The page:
In case (like me) you weren’t able to attend the LCSNA’s by-all-accounts-fabulous Fall meeting in Los Angeles, host USC’s campus newspaper the Daily Trojan offers a helpful recap, although alas with some errors and omissions–the most egregious being that the names George and Linda Cassady, and also Daniel Singer, should have been front and center along with talented artist Karen Mortillaro. In addition to partnering with Karen and Daniel on planning the entire event, the Cassadys offered a private tour of their awe-inspiring Carroll collection at USC that has attendees still buzzing. They are also the driving force behind the Wonderland Award mentioned in the article. And just as Karen welcomed members for a private look at her studio, Daniel Singer kindly opened his home to members for a viewing of his own substantial Carrollian collection, as well. Our thanks once again to all who contributed to making this meeting so extraordinary, both the wonderful speakers on the podium (real and virtually) and those working behind the scenes to make the magic happen. By all accounts, it was a weekend that all attendees marked with a white stone.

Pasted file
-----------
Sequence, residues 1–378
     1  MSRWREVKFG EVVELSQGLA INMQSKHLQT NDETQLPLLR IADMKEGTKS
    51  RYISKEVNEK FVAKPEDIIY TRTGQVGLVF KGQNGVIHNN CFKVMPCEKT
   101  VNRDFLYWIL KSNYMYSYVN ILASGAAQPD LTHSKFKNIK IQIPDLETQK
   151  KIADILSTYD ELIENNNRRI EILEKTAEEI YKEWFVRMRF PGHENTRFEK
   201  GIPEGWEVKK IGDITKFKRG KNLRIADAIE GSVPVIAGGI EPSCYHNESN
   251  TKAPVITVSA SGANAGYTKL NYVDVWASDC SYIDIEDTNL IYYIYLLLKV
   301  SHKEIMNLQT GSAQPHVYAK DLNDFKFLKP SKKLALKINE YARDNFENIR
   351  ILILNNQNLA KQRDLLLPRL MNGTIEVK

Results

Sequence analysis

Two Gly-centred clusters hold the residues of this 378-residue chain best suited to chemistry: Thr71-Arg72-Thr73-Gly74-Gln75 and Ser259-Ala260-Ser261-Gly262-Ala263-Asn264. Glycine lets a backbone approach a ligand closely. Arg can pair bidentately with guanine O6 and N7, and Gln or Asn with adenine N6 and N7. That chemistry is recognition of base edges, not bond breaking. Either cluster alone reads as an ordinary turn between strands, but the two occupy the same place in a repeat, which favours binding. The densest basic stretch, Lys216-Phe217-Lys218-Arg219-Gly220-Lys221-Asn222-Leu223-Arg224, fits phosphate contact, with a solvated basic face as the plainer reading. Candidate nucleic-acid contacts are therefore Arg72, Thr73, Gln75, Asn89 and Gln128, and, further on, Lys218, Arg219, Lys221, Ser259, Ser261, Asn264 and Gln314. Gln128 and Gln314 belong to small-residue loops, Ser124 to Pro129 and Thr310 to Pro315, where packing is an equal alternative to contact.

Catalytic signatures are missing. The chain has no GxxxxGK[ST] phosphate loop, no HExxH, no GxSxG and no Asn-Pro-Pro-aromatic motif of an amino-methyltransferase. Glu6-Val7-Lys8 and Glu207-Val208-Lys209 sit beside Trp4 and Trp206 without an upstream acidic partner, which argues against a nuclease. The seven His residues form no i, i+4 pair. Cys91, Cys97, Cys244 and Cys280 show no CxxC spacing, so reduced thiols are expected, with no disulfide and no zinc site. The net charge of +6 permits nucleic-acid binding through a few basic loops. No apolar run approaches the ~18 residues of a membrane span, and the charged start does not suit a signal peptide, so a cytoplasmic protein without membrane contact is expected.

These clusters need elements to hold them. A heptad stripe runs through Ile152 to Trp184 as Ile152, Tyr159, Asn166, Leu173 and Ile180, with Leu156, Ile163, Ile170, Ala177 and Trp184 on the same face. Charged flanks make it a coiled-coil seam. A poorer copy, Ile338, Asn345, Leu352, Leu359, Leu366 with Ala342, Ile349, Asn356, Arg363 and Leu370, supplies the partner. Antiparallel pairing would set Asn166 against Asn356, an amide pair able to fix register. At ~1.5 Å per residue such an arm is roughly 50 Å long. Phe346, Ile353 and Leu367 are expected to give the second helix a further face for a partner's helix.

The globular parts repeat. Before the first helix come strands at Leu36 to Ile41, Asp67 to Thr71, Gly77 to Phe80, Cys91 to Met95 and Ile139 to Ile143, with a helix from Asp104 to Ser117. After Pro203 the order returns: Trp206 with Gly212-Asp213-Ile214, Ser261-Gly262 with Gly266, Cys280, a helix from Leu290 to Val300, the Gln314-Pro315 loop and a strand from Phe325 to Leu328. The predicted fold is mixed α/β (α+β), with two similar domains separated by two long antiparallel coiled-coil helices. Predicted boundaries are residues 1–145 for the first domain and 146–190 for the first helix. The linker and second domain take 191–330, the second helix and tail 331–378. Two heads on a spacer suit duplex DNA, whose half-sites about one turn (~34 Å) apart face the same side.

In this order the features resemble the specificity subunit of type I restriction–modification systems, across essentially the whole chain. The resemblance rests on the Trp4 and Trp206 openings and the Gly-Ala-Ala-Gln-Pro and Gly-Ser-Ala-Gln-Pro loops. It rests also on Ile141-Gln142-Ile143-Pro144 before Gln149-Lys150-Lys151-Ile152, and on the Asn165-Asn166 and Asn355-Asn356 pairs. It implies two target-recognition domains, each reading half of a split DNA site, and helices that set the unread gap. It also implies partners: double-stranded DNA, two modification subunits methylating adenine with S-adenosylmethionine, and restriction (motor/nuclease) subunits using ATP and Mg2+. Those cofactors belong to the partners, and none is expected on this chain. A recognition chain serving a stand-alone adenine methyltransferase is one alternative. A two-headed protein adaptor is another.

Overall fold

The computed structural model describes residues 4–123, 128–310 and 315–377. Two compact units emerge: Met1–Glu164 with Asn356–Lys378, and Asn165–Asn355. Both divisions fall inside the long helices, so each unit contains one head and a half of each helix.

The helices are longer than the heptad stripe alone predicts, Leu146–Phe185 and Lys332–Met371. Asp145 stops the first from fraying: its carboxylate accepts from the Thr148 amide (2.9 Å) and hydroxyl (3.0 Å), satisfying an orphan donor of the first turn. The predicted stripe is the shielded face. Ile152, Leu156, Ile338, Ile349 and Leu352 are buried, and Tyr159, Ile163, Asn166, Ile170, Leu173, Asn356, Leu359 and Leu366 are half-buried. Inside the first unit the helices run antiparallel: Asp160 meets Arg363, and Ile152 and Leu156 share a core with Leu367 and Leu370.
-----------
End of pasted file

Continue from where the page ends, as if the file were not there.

If you’re in the Los Angeles area, remember that this weekend is the LCSNA’s semi-annual meeting. Our meetings are always free and open to the public, and we have a great roster of speakers and events. Join us!
September may be a whole summer away, but plans for LCSNA Fall 2012 Meeting are already coming together. Confirmed speakers include Adam Gopnik on Sylvie and Bruno and Robin Wilson, who wrote Lewis Carroll in Numberland. The meeting will take place on Saturday, September 29 at the Fales Library in New York University (home of the fabled Berol collection).
In the meantime be sure to check out two Lewis Carroll book sales currently underway. Thanks to the generosity of some of our members both will benefit the Lewis Carroll Society of North America.
Full details for this year’s LCSNA Spring Meeting are now available online. Join us in Cambridge, Massachuettes for a weekend of Carrollian scholarship, conviviality, and a little magic.